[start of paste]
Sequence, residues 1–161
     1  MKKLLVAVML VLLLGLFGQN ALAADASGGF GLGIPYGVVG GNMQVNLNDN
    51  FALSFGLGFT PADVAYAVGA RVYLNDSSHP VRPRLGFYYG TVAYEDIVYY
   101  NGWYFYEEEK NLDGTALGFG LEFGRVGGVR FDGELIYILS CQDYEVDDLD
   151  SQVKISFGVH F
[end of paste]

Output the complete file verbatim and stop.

Sequence, residues 1–161
     1  MKKLLVAVML VLLLGLFGQN ALAADASGGF GLGIPYGVVG GNMQVNLNDN
    51  FALSFGLGFT PADVAYAVGA RVYLNDSSHP VRPRLGFYYG TVAYEDIVYY
   101  NGWYFYEEEK NLDGTALGFG LEFGRVGGVR FDGELIYILS CQDYEVDDLD
   151  SQVKISFGVH F